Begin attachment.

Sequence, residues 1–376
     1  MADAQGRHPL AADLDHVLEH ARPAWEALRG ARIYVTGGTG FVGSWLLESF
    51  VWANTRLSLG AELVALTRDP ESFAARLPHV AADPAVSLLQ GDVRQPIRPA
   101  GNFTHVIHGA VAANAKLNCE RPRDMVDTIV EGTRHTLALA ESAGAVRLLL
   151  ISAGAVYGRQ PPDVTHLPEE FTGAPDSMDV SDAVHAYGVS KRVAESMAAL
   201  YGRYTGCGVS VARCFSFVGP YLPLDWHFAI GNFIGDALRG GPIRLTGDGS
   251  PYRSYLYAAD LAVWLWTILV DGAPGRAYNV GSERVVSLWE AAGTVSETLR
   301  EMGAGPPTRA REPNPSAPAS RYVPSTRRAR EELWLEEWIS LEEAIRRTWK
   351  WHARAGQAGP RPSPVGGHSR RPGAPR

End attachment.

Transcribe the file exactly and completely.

Sequence, residues 1–376
     1  MADAQGRHPL AADLDHVLEH ARPAWEALRG ARIYVTGGTG FVGSWLLESF
    51  VWANTRLSLG AELVALTRDP ESFAARLPHV AADPAVSLLQ GDVRQPIRPA
   101  GNFTHVIHGA VAANAKLNCE RPRDMVDTIV EGTRHTLALA ESAGAVRLLL
   151  ISAGAVYGRQ PPDVTHLPEE FTGAPDSMDV SDAVHAYGVS KRVAESMAAL
   201  YGRYTGCGVS VARCFSFVGP YLPLDWHFAI GNFIGDALRG GPIRLTGDGS
   251  PYRSYLYAAD LAVWLWTILV DGAPGRAYNV GSERVVSLWE AAGTVSETLR
   301  EMGAGPPTRA REPNPSAPAS RYVPSTRRAR EELWLEEWIS LEEAIRRTWK
   351  WHARAGQAGP RPSPVGGHSR RPGAPR